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Tuesday, December 17, 2013

High Court wraps Honours and Governor General's functions

The High Court in Kline v Official Secretary to the Governor General [2013] HCA 52) ruled that documents concerning the operation of the Honours system are not within scope of the Freedom of Information Act. The decision ends a long running legal tussle regarding interpretation and application of s 6A which places the Official Secretary's office (among its other support functions, it is the Australian Honours and Awards Secretariat) outside the operation of the act "unless the document relates to matters of an administrative nature."

The unanimous decision follows earlier decisions in this case to the same effect by the Freedom of Information Commissioner, the Deputy President of the AAT and the Full Court of the Federal Court. The law as it stands therefore is now well and truly settled. 

However some may struggle with the distinction made by the High Court and in the earlier decisions between a document held by the Office of Official Secretary concerning administration of the Order of Australia, not subject to FOI, and a document that relates to matters of an administrative nature undertaken by the office, which are subject to the act;  with the analogy drawn between the Governor General's functions and the judicial functions of the courts [45-47]; and with the view [53] that relevant "criteria for the making of awards are explained in the nomination form, which is a document that is available to the public."
(See what you think- Nomination form (pdf)).

The Court upheld the decision of the Full Federal Court in ruling that s 6A does not extend to documents concerning processes and activities associated with the exercise of the Governor General's substantive powers and functions.

In policy terms the decision raises the question whether section 6A delivers adequate and sufficient transparency and accountability regarding the Office of the Governor General. The office supports the Governor General in the exercise of her powers and functions which include representative in Australia of the head of state, President of the Federal Executive Council and Commander-in-Chief of the Australian Defence Force, as well as Chancellor of the Order of Australia. The window of FOI scrutiny is limited to matters of an administrative nature - except where they are associated with the exercise of the Governor-General's substantive powers and functions. For this reason for example working manuals, policy guidelines and criteria used in making Honours Award decisions are not publicly available.

In their joint judgement Chief Justice French and Justices Crennan, Kiefel and Bell relied upon
  • the context- attaching weight to the fact that the Governor General is not an agency or prescribed authority for the purposes of the act: "Thus the processes and activities of government, which are opened to increased public scrutiny by the operation of the FOI Act, do not include those associated with the exercise of the Governor-General's substantive powers and functions, many (even most) of which are exercised in public. Independence from government and the public is important in relation to the exercise of the various responsibilities of the Governor-General, including, but not limited to, the making of decisions. Furthermore, freedom from interference or scrutiny by members of the public (or other branches of government) is an essential aspect of the making of decisions in relation to the General Division of the Order. [34]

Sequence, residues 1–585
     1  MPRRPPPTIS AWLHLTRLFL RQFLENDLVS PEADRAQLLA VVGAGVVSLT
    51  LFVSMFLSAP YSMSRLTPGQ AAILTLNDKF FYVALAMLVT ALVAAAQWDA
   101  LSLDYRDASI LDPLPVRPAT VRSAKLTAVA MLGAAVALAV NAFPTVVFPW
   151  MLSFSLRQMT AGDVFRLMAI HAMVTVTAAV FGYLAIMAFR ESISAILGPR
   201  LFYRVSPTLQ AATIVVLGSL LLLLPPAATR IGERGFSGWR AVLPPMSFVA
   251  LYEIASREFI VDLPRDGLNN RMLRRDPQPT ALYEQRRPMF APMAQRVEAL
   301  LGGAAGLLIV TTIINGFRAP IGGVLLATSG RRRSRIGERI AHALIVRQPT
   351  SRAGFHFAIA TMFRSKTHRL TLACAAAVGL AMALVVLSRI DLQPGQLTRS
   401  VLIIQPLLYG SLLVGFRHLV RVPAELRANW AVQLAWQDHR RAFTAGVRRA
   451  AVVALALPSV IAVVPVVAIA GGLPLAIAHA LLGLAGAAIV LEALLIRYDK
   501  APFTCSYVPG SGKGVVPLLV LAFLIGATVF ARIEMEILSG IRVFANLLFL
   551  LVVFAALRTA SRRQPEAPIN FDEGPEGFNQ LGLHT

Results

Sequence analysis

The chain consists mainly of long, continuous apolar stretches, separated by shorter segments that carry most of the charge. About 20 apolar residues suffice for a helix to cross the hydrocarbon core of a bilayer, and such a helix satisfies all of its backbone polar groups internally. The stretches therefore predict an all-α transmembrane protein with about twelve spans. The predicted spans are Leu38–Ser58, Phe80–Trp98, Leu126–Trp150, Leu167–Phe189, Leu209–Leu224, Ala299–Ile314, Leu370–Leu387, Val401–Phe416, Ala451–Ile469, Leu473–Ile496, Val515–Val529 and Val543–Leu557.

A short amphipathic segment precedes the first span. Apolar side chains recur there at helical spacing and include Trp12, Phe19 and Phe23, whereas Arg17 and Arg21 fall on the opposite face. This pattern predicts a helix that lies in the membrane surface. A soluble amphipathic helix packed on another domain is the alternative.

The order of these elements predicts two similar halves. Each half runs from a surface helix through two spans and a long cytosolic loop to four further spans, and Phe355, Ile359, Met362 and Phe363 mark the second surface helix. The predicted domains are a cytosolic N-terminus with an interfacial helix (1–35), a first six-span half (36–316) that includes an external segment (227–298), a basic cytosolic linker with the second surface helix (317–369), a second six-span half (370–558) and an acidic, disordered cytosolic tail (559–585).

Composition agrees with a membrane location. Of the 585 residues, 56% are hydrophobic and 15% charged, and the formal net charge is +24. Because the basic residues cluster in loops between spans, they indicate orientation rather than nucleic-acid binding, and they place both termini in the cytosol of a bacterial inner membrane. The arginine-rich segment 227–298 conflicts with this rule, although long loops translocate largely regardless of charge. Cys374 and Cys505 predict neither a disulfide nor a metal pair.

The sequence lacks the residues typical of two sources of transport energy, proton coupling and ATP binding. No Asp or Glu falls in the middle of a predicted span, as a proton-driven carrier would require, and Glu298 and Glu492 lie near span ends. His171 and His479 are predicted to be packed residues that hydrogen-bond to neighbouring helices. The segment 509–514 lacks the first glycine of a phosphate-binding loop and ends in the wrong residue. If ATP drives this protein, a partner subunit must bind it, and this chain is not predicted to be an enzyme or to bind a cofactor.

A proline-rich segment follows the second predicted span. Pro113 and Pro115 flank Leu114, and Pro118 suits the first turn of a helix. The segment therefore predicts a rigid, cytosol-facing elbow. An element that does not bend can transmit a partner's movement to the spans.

• the words used in s 6A: observing that the common connotation of the words "matters of an administrative nature" mean documents which concern the management and administration of office resources [41].
  • and statements in relevant secondary materials: "In brief, s 6A(1) of the FOI Act, which was inserted in 1984, drew upon the language of ss 5(1) and 6, which were included in the FOI Act as originally enacted. In the relevant parliamentary debates, Senator Evans described the operation of ss 5 and 6 and explained their object. He said [70]:"courts, judicial offices, certain industrial tribunals and their registries..are not exempt from the operation of the[FOI]Act so far as their administrative procedures, properly so-called are concerned.[49]. The Senator went on to explain that the inclusion of ss 5 and 6 would secure a legitimate public interest in "efficient administration" and was not intended to intrude on the independence of the judiciary. [50]. 

In a separate judgement Justice Gageler after examining the history of s 6A and related matters in more detail reached the same conclusion: all requested documents relate to the "administration" of the Order of Australia," but none relates to matters of an "administrative nature" within the meaning of s 6A of the FOI Act. None, therefore, falls within the scope of the FOI Act." [79]  

    Both the judgments ([41] and [72]) conclude that Beinstein v Family Court of Australia [2008] FCA 1138; (2008) 170 FCR 382 was wrongly decided where it took a broader view of the meaning of "relates to matters of an administrative nature" in s 5 of the FOI act.


      1. Anonymous8:40 pm

        "In policy terms the decision raises the question whether section 6A delivers adequate and sufficient transparency and accountability regarding the Office of the Governor General."
        You know, I just don't see what the big deal is here - if the candidates are worthy of the honour then there should be no fuss about releasing the process-related documents (unless of course there is something to hide within that process that might appear unfavourable for the GG's office) It's a mystery isn't it - what's the big fuss about disclosure?!

      2. Indeed. But law and principle loom large in the inner circle.

      3. Decision widely criticised. Looks like legislative reform for 6A?